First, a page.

# Inside a Black Hole: Rest Frame & Singularity

• B
• tionis
In summary, crossing the event horizon of a black hole does not change your state of motion, and the singularity is always in your future regardless of your frame of reference. However, the singularity should not be thought of as a location in space but rather a moment in time, and the properties assigned to it are actually properties of the spacetime geometry.
tionis
Gold Member
Once I cross the event horizon of a BH, is it valid to say that I'm at rest and the singularity comes up to meet me?

The fact of having crossed the event horizon makes no difference other than that from there you can only go deeper into the black hole.
At some time in the fairly near future you will inevitably encounter whatever the singularity is.
You can consider your self to be moving (which makes sense because you considered yourself to be moving before you got to the horizon.),
or you can consider that center of the black hole is moving towards you, which is equally valid.
However there is no good reason why crossing the horizon implies a need to switch to a different frame of reference.

tionis
tionis said:
Once I cross the event horizon of a BH, is it valid to say that I'm at rest and the singularity comes up to meet me?
No.
If you are in freefall, then it is always valid to consider yourself at rest and this works both inside and outside the horizon. However, once inside the horizon there is no way of thinking about the singularity approaching you, or looking towards it or away from it, or being a greater or lesser distance from it. The singularity is in your future, the same way that on Sunday night Monday morning is in your future.

tionis, PeterDonis and Dale
tionis said:
Once I cross the event horizon of a BH, is it valid to say that I'm at rest and the singularity comes up to meet me?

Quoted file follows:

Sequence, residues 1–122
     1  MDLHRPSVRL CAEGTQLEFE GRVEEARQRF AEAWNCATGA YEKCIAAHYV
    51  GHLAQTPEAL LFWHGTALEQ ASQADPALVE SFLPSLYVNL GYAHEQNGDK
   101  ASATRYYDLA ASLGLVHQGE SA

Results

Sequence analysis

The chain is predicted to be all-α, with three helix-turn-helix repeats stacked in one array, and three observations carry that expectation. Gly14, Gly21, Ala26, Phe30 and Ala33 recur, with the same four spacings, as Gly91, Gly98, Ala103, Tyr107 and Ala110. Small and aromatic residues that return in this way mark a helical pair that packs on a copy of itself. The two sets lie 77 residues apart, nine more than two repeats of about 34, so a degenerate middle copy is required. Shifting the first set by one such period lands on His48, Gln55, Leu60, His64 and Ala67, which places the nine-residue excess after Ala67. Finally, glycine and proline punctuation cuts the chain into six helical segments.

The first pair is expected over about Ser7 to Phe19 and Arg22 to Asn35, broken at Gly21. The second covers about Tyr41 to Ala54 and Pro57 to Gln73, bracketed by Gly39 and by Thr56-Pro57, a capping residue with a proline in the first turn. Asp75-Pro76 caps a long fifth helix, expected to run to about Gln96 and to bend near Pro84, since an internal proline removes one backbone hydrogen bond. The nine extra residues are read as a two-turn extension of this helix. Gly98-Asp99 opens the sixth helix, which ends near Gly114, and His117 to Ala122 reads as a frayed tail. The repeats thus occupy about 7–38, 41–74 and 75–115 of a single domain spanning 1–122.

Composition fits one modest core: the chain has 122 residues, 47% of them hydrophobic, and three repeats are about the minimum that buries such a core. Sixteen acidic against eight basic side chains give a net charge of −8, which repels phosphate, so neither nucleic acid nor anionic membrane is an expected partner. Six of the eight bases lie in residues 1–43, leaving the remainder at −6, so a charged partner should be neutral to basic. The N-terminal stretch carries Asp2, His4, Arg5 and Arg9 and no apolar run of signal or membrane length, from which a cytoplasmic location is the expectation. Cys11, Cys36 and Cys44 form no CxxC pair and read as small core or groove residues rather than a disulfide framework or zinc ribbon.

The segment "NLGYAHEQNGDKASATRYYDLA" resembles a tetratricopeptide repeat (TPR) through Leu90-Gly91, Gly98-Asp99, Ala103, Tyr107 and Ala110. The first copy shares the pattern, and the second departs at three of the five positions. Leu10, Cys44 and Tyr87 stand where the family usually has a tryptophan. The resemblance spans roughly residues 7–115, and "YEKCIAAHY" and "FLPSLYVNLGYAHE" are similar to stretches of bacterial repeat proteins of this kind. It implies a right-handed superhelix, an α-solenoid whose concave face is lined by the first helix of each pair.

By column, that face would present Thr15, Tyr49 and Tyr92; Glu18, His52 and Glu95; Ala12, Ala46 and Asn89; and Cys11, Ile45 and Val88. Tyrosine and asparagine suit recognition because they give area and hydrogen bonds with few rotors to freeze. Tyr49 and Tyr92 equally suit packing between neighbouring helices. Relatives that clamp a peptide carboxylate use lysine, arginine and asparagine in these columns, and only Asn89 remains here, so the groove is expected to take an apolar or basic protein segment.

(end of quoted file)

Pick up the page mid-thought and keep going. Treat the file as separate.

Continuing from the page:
The singularity is a moment in time, not a location in space. It would be a little strange to say "Friday comes up to meet me".

Edit: what Nugatory said

tionis
It is a moment in time, true, but we assign this moment in time shapes, like a ring, and spaghettification powers etc. I still don't understand how a moment in time can have all those attributes.

tionis said:
we assign this moment in time shapes, like a ring, and spaghettification powers etc.

Those properties aren't assigned to a moment in time. They are assigned to the spacetime geometry. (Actually, in Kerr spacetime, the ring singularity is timelike, not spacelike, so it isn't a moment of time anyway, it can be seen as a ring in space. But the ring by itself still doesn't have all the properties you are talking about; they are still properties of the spacetime geometry.)

tionis

## What is a black hole?

A black hole is a region of space where the gravitational pull is so strong that nothing, including light, can escape from it. This happens when a massive star collapses under its own weight.

## What is the rest frame of a black hole?

The rest frame of a black hole is a reference frame in which the black hole appears to be stationary. It is a theoretical concept that allows us to study the properties of a black hole without being affected by its extreme gravitational pull.

## What is the singularity of a black hole?

The singularity of a black hole is a point of infinite density and zero volume at the center of a black hole. It is where the laws of physics, as we know them, break down and we cannot predict what happens.

## What happens to time inside a black hole?

Time inside a black hole is affected by its extreme gravity. As you get closer to the singularity, time slows down significantly. At the event horizon, time stops completely. This means that for an outside observer, it would appear that anything falling into a black hole freezes in time at the event horizon.

## Can anything escape from a black hole?

According to our current understanding of physics, nothing can escape from a black hole once it has passed the event horizon. This includes matter, light, and even information. However, there are some theories that suggest that information may be able to escape in the form of Hawking radiation.

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